But--that low point on that oft-repeated temper curve of heat way up, cool way down, heat up slightly, which might be confusing you, is a key step for other methods--like tabliering or cooling down in an ice bath--and the reason you don't have to go down to that low point with seeding is because you are adding "tempered" chocolate back in as the seed mix. With tabliering and the ice water bath you are not introducing seed chocolate--so you do have to generally go up, down and up with those methods--if you don't go all the way down to full crystallization and setting--if you don't get something thickened--these methods will not work. And while direct warming is great--eventually you get to a point where you have all this used chocolate lying around and you want to use it. And these are the methods you will have to employ when you have no brand new chocolate to seed with or to direct warm.
So long term, there's no escaping acquiring a full knowledge of the ins and outs of all these methods--direct warming, seeding, tabling, ice bath--so you understand what is going on with each method. That way you can adapt to your situation and environment and temper with any chocolate you have on hand. And this take a while to embrace, too much, too soon can be overwhelming.
Relax as Elaine suggests, try direct warming in the microwave; then try seeding again later-- warm that chocolate up, seed again but just seed down to working temp with "new" chocolate and report back!
Pastry chef-Restaurant Consultant
Oyamel : Zaytinya : Cafe Atlantico : Jaleo
Posted 26 May 2003 - 02:23 PM
Perhaps I should just not be allowed to touch chocolate ever again.
It's been a long, long day.
Attempt 1: Yes, I switched to dark chocolate. I do not have a reliable microwave, so I tried Elaine's direct warming on a bain marie. I weaned myself from the thermometer and just heated very slowly until my chocolate was fluid, as she said. Then I removed it from the heat and added new seed chocolate and started stirring. Out of curiosity, I did check the temp after removing from heat and found that it had already reached over 120F before all the chocolate was melted, so what's a girl to do? I knew then I was doomed, but I kept going anyway. So the direct warming was failure #1.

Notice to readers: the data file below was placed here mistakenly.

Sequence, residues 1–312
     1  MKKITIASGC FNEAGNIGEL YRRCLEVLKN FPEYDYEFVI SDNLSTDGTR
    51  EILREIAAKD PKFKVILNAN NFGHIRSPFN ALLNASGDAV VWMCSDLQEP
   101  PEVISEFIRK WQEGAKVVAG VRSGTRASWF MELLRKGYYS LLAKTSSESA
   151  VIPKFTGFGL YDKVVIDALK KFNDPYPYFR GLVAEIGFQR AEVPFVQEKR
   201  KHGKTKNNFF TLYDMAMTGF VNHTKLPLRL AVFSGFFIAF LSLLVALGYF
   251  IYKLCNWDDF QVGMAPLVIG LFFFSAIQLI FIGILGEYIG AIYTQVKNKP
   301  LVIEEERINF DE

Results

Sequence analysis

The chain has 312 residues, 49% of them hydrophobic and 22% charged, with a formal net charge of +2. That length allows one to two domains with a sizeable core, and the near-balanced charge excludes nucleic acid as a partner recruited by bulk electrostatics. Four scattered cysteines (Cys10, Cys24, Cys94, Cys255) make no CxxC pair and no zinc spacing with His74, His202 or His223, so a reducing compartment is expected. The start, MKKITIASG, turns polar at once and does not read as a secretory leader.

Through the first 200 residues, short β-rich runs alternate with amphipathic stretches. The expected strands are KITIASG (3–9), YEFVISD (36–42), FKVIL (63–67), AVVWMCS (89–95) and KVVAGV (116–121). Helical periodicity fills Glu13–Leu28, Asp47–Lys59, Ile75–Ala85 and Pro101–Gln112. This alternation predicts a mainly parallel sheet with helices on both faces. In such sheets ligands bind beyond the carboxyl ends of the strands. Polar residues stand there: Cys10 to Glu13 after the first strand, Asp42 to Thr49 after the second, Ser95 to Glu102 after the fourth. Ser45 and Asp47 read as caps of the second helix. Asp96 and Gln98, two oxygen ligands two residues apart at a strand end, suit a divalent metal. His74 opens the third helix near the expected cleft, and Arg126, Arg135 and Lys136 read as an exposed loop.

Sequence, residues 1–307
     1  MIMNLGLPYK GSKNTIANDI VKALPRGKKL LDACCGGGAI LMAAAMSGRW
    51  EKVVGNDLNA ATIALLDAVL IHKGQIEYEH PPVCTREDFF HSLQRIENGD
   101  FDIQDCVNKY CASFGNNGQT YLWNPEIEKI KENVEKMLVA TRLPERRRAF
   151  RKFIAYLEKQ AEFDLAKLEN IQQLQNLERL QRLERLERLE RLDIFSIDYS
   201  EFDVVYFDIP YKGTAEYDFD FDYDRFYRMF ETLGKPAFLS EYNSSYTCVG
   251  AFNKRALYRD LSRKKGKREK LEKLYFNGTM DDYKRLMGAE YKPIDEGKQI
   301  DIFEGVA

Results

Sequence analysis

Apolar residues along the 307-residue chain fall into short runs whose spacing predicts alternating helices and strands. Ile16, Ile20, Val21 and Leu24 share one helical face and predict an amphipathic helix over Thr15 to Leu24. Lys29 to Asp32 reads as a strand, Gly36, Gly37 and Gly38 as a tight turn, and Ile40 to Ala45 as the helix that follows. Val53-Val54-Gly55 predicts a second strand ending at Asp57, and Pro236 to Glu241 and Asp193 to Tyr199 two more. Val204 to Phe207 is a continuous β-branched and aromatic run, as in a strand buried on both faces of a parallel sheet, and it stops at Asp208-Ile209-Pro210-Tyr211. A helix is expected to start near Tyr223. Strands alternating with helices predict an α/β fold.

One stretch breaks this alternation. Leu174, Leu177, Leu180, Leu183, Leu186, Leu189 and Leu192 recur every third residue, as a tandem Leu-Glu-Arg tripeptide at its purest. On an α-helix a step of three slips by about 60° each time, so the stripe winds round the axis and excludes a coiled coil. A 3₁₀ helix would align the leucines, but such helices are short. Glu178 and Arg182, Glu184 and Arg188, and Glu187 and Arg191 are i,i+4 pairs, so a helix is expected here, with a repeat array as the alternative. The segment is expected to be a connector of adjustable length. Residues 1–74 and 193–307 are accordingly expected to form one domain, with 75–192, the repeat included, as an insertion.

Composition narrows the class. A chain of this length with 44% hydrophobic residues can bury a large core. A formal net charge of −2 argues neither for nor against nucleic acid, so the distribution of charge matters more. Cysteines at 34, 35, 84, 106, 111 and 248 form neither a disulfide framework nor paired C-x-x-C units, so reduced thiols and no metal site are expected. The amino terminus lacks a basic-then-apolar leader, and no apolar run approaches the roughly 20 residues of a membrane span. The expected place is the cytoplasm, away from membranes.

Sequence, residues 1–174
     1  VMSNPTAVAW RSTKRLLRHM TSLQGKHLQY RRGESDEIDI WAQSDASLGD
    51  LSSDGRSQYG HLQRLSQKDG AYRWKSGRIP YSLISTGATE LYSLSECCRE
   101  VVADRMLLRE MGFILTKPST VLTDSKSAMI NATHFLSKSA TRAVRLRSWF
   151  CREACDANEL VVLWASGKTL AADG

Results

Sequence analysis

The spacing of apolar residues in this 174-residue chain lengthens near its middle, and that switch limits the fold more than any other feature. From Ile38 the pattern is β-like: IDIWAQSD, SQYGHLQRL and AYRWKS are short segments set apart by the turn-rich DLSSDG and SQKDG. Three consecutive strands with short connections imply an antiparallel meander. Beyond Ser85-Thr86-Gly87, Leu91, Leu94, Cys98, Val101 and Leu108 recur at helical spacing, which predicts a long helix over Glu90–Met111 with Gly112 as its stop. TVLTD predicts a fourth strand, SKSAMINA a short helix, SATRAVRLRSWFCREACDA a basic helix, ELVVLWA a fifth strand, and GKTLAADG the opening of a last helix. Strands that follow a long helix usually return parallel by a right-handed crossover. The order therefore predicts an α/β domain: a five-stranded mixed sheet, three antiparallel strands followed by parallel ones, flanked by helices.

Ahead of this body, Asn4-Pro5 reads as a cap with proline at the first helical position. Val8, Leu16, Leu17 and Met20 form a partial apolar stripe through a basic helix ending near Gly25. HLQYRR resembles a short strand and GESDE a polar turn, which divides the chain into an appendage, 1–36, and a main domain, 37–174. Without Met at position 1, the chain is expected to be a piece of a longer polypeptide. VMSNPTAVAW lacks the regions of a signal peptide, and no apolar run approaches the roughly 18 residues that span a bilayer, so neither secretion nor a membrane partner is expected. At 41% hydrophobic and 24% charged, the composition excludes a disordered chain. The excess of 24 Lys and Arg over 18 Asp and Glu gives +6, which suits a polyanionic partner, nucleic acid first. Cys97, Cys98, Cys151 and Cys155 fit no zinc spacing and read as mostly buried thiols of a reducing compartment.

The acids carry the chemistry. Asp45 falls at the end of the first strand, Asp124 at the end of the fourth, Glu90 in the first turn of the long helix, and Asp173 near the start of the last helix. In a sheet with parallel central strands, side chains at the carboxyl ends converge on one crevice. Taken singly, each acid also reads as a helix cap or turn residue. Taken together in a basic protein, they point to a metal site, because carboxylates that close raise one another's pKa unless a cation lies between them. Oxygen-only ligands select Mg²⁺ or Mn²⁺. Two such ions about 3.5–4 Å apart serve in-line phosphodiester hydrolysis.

Question: Why does everyone else's chocolate melt before 90F, and mine doesn't??? Is the microwave the secret to this particular method?
Attempt 2: I decided to keep going, as I said, just for practice with the seeding. Needless to say, I did reach 90F after a short time, but it was of course a moot point. I poured some in a test mold anyway, just to check at least viscosity, which has been a big problem these past few days. It was thick and did not drip out when I turned the molds over. Again for the sake of practice, I brought the heat up a couple degrees to test viscosity, but it didn't make much difference. So seeding (using small chunks, not pistoles) was failure #2.
Questions: Is this chocolate ruined forever because of the too-high heat?
How thin/warm must the chocolate be for molding? Why isn't the 88-90F temp good enough? This is a huge mystery to me at the moment, and one that is really getting my knickers in a twist.
Attempt 3: Out of sheer frustration and curiosity I turned once again to the machine. I really just wanted to see what it did that was different from what I did. I changed the default settings to melt dark choc to 45C, then temper/cool to 31.5C. At that temp, it still seemed a bit thick to me, but I did a knife test which turned out ok (the first one that has!). Then I dipped some truffles, which came out rather well and, to my surprise, actually hardened within a reasonable amount of time and had a decent (though not great) shine.